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Civil engineers make an essential contribution to society by designing and shaping the natural and built environment. It is often said that people and the community are at the heart of what the profession does, with consulting firms/contractors sharing their success stories of adopting approaches which involve the public in decision making to ensure local benefit as far as possible.
However, is this always the case? To what extent are the public truly engaged in the process? Are cost and client expectations preventing us or hampering efforts to actually work with the community to build and maintain infrastructure assets which actually benefit and improves their lives.
Community engagement is important and can lead to improved outcomes on infrastructure projects. It increases acceptance of decisions and community commitment to outcomes as local knowledge from diverse groups shapes and creates inclusive, effective solutions.
Engineers have historically been criticised for designing infrastructure without successfully engaging the community. Whereas the follow-on effect of active participation is increased trust in organisations and governance to make better public decisions.
This event aims to demonstrate good practice principles for community engagement, identifying specific examples of good practice where infrastructure professionals have worked with the public on infrastructure projects to achieve the optimum solution for the community.
In this seminar, panellists will discuss
The discussion will be followed by a 20-minute Q&A session for delegates to quiz speakers on the design principles project and discuss its practical applications.
Mark is passionate about civil engineering. He is a civil engineer; he is a Fellow of the ICE; and throughout his 20-plus year career he has sought roles that have allowed him to work with others to both promote the profession and provide professional engineers with the information to help them become better engineers.
That passion for the industry stems from his 20-plus year association with it. He has a MEng in Civil Engineering (First class) from the University of Birmingham and spent three years as a practicing engineer with consultant Atkins before joining New Civil Engineer in 2000, a title he edited for five years before joining the ICE in February 2020.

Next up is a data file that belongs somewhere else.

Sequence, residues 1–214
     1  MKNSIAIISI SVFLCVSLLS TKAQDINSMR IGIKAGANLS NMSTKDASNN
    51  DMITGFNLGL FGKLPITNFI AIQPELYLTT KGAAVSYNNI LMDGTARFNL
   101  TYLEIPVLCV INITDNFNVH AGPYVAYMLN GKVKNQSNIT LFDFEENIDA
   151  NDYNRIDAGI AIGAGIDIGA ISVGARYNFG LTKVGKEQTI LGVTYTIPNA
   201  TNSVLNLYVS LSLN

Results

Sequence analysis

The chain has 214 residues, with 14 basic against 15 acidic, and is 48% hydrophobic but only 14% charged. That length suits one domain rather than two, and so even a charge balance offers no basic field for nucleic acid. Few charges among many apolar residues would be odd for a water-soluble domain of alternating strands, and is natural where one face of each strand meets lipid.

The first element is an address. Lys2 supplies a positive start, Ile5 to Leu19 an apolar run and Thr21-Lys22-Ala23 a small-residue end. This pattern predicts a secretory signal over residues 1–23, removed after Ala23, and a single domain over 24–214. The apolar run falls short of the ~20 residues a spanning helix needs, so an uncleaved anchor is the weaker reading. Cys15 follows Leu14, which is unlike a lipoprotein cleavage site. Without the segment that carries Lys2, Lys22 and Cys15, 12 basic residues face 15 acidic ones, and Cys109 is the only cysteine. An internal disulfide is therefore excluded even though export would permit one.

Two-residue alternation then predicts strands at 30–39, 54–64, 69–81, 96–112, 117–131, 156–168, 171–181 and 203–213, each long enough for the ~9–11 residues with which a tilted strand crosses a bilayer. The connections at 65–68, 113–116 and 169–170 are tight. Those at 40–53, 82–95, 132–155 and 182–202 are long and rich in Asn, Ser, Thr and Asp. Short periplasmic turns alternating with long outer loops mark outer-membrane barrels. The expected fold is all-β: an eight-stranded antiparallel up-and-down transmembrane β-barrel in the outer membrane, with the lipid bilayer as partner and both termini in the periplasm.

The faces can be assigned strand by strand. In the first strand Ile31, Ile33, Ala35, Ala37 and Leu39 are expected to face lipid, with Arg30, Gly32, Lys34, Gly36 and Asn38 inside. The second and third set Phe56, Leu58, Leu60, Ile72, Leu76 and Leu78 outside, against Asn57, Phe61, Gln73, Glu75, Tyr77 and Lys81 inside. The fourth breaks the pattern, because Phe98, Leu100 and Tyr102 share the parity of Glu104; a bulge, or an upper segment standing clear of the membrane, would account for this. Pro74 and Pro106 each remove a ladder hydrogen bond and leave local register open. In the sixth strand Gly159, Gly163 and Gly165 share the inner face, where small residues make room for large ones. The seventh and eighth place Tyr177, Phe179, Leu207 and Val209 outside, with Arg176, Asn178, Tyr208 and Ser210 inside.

As a practicing civil engineer he carried out water supply and distribution analysis in the UK and overseas, spending several months in Ghana conducting a fixed asset condition and revaluation study of its 100 largest urban water schemes.
At New Civil Engineer he visited and wrote technical reports on some of the world’s most spectacular structures in including the Burj Khalifa, the Brenner Base Tunnel and Vladivostok’s Russky Island bridge.
He also reported from the scene of a host of international engineering disasters including a bridge collapse in northern Portugal, a tunnel fire in Baltimore and tsunami-struck Sri Lanka. And in 2003 he was the first construction reporter into Iraq following the second Gulf War.
Beyond the ICE Mark volunteers time to judge numerous industry awards and in recognition of his efforts to promote the profession was in 2016 invited to join the Worshipful Company of Paviors, a City of London Livery Company that works to promote the highways industry and provide opportunities for young people through its London Highway Academy.
Director, Resilient Cities Arcadis
Anusha is a Director-Resilient Cities at Arcadis. She is also a Royal Academy of Engineering-Visiting Professor at King’s College London on Climate Adaptation, Sustainability and Inclusive Design. A Fellow with the ICE. she has recently been appointed as the succeeding Vice President at the ICE.